Listed as 402 pages. Godel's paper is 34 pages. Interestingly, I find only one place where (in my translation) Godel uses "true" or variants: section 3, "The following proposition is true: Theorem VII: Every recursive relation is arithmetical." In the rest it's "provable" or "decidable," and variants.An Introduction to Godel's Theorems" by Peter Smith — sime
Listed as 402 pages. Godel's paper is 34 pages. Interestingly, I find only one place where (in my translation) Godel uses "true" or variants: section 3, "The following proposition is true: Theorem VII: Every recursive relation is arithmetical." In the rest it's "provable" or "decidable," and variants. — tim wood
The usual locution I find is that G is undecidable, but because G says it's undecidable, it's true; this a so-called metamathematical proof being outside the system in which G is created. — tim wood
Why is this a reasonable idea? I can assign numbers to anything. "Leaves" is 3. "Are" is 4. "Green" is 5. "Leaves are green" is 3 4 5. Now apply those numbers to the first primes, and multiply:As to why, he wishes to "encode" propositions and proofs as numbers so that he can say, e.g., x B y, meaning that there is a relationship between the variables x and y — tim wood
Many mathematicians and logicians cannot themselves be bothered to master Godel's incompleteness proof, for there isn't any payoff for doing so, and will probably content themselves with a technical understanding of the weaker version I mentioned above that is straightforward to prove and remember, and loses practically nothing — sime
That's easy. Our language allows for sentences to refer to themselves, as Hofstadter demonstrated:How do you get a sentence to be inside of itself? — tim wood
This is what's tripping me up. Take the number 144. It doesn't refer to itself. Although it is the square of 12, it doesn't mean the square of 12, or refer to squares in general. 144 is also the sum of the the primes 47 and 97, but it doesn't mean the sum of those two primes, or refer to the idea of even numbers > 2 being the sum of two primes. And it doesn't refer anything else.Or, what Godel did, was to get a number to refer to itself while at the same time referring to propositions and arguments. — tim wood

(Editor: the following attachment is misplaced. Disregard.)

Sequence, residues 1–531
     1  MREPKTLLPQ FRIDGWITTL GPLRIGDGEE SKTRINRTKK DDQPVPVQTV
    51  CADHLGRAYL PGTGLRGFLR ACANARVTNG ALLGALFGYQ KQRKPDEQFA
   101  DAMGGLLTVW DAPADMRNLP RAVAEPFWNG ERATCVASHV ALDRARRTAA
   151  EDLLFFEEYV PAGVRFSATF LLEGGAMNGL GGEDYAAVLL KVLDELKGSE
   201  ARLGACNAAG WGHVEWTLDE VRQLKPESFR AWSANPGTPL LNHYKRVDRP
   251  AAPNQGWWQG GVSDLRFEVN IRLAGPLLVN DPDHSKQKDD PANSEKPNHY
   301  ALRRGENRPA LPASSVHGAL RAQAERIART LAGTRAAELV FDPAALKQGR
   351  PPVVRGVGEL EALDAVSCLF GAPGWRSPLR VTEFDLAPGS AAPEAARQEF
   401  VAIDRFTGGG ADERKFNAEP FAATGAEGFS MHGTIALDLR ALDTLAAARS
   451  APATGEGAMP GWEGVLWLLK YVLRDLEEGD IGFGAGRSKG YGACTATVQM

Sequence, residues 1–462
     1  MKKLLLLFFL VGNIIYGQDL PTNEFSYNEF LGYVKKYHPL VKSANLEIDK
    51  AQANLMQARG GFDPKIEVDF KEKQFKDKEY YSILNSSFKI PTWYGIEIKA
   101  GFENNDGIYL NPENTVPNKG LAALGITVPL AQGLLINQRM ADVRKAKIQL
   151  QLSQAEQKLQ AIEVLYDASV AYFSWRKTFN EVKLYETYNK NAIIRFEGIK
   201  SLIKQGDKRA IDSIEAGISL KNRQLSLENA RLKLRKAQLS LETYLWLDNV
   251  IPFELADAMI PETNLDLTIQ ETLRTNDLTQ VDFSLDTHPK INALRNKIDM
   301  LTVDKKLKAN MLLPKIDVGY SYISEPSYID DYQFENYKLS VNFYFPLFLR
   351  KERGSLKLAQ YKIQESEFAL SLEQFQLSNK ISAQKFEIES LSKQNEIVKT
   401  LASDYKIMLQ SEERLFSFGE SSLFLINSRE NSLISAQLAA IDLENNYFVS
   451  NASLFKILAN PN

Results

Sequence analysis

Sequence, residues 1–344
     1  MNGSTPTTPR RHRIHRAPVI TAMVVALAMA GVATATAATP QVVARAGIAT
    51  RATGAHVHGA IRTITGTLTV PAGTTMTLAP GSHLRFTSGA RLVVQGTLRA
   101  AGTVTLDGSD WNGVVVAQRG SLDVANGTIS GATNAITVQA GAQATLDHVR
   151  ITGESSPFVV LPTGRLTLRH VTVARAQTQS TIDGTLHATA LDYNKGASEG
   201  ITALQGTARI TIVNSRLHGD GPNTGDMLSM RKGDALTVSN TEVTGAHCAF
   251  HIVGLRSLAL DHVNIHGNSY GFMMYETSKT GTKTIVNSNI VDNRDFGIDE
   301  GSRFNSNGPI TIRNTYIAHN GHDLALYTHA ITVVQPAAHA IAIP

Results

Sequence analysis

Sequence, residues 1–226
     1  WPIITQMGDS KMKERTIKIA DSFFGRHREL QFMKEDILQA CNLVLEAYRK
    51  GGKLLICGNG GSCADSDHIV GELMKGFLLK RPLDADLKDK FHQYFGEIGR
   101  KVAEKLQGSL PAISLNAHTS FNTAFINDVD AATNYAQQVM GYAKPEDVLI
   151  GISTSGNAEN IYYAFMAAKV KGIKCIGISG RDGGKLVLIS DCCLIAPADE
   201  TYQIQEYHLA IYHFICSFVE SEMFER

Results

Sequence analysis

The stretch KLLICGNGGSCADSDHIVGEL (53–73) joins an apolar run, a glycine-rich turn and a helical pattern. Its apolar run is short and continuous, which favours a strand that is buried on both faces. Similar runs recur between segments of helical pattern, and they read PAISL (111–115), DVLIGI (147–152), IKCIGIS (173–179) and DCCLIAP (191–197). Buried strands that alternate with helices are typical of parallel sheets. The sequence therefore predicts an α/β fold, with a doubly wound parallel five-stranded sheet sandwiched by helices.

That's easy. Our language allows for sentences to refer to themselves, as Hofstadter demonstrated:
'“Is white” is white.' — Patterner
The answer is just 30-odd pages away, actually in the first five pages, sec. 1, in sketch form, with some effort on your part. And not some three- or four-hundred page book.What am I not understanding? How did Godel make numbers self-referential? — Patterner
Ok, I guess that's not referring to itself. Maybe, "This sentence is referring to itself." Or, in a more informative way, "This sentence has five words." Incorrectly, "This sentence had eighty three words."Not quite. What is your original sentence? — tim wood
I assume you mean his original paper? Any particular translation?The answer is just 30-odd pages away, actually in the first five pages, sec. 1, in sketch form, with some effort on your part. And not some three- or four-hundred page book. — tim wood
Either G is provable or not provable — TheMadFool
1. G is provable. So G is unprovable
2. G is not provable
So, there is G in the theory T
Have I got it right? — TheMadFool
For me the problem starts with 'This sentence is not provable'. This is meaningless. It does not state what is not provable. — FrancisRay
G is a number constructed following explicit rules. — tim wood
I need to find a professor of mathematics to sit down with me and help me understand it. — Patterner
"The statement on the list at location G is not provable." — tim wood
It would help if I could find a statement that is true but provably undecidable, but I've never seen one. Do you have an example? — FrancisRay
[italics in original]Godel's completeness conjecture — sime
I guess there's no hope for me in this. — Patterner
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